“I’m curious too now,” she says and offers me a scissor. Opening the plastic envelope, I halfway pull out a belt and two articles of clothing. I hastily sift through the contents for a card. There is none. So I ask her to trace the package. But searching the number on the tracking slip yields nothing more than the name of a small postal unit in West Virginia. “Maybe you have a secret admirer,” she says, as I wonder how to thank the sender.
When I get home I empty the envelope onto the kitchen counter. The two articles of clothing turn out to be a two-piece bathing suit. I’m squirming because it looks like my size. I rifle through maps of shrines to hike to in Japan, a blank journal, an opened bag of cough drops, a Thai recipe book, … When I unwrap an expensive I-5 cellphone and two hundred-dollar bills, I throw everything back into the envelope, put the whole thing outside in case it’s a bomb, and call the State Police.
Four hours later, standing over my counter between the immaculately polished state trooper and my tattooed son in his undershirt, we’re discussing remote detonation devices, secret surveillance cameras, stolen cellphones rigged with porn videos or obscene messages, and anthrax scares. Is the half-used sheet of decongestant pills and container of candy-laxatives really illegal drugs? I’ve landed in the middle of a strange movie involving high tech identity theft and gangland mystery.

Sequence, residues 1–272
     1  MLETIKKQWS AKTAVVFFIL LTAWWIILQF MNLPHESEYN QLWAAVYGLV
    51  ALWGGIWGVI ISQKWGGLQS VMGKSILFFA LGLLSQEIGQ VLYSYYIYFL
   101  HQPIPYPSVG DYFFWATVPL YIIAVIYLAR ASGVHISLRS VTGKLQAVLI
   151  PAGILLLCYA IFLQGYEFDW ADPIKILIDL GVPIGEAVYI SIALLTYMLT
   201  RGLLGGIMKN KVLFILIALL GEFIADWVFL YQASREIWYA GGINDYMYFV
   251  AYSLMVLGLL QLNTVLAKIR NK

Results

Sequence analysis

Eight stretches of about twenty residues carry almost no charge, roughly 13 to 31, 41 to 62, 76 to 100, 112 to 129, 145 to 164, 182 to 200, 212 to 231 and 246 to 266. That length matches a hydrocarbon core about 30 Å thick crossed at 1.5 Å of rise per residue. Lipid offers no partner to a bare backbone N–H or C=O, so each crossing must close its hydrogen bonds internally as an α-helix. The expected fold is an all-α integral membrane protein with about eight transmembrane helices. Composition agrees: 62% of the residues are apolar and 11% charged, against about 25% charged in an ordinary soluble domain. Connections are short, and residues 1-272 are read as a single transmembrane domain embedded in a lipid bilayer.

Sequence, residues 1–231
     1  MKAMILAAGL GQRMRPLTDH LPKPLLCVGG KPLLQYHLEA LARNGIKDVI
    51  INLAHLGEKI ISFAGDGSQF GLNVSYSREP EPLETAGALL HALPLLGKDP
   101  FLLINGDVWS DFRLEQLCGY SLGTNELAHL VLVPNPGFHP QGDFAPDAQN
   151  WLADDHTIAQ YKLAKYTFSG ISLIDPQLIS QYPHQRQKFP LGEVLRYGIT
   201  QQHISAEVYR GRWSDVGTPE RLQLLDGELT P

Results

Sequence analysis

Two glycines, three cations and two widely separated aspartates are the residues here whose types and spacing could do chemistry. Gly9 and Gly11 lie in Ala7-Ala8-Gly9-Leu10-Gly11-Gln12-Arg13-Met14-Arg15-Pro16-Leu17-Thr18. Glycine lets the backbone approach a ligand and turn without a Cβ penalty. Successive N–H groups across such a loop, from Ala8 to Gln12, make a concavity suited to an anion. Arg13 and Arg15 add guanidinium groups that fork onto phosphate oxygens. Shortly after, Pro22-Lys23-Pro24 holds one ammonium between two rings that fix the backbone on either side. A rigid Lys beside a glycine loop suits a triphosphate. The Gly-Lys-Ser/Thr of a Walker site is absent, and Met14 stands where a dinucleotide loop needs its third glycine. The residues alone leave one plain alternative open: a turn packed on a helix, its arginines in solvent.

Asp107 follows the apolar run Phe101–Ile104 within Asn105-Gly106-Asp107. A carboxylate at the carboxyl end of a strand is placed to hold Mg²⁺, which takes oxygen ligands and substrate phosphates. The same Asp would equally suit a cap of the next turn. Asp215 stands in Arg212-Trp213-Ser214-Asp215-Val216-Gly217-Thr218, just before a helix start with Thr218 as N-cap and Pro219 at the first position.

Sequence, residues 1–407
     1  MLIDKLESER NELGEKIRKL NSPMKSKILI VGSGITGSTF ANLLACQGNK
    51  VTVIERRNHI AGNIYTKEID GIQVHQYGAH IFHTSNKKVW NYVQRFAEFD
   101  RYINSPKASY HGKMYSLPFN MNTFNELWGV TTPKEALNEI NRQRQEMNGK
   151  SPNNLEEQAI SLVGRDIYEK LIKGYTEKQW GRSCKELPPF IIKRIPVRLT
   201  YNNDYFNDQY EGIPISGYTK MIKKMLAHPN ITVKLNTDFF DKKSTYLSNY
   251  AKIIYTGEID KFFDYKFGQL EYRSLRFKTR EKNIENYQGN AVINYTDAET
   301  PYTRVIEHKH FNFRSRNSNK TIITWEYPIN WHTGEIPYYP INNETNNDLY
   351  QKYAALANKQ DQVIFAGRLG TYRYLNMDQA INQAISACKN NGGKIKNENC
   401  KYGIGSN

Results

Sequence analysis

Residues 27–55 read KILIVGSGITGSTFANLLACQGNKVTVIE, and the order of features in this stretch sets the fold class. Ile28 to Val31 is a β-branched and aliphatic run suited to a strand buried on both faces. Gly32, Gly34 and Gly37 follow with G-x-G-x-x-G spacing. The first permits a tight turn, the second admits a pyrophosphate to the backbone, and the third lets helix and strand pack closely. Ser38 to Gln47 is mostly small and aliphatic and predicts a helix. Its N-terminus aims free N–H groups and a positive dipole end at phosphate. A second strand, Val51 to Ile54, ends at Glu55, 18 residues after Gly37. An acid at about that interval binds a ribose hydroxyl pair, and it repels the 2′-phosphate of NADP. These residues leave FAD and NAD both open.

“This is the strangest thing I’ve ever seen,” the trooper says. He inventories each of the twenty items as I suffer hot flashes and chills. From the back of the phone he un-tapes a postcard with a message that begins, “Lover.” I recall the recent shout-out on Twitter from my son’s friend, Jon Bones Jones, advising his followers to check out my website; within seconds a tweet had come back calling me “a hottie.” Then and now, I cling to my cover:
“Did you mention you were sick recently?” the trooper asks. “There’s aspirin and cold remedies, Kleenex, vitamin supplements and a prayer from a temple. There seems to be some cultural thing we don’t understand here. Someone cares about your health.”
Or my sender also knows loss. I take another look at this anonymous care package. At the phone that turns out is not stolen but is locked, unusable, into a TMobile account. At the warm red design on the handmade coaster. I’m still wondering what to make of this gift. But I pass the maps and half the money on to my friend’s son, an exchange student in Japan who needs cash. I start a care package for a friend who just lost her husband.
And I tape the paper with the prayer for happiness to my wall.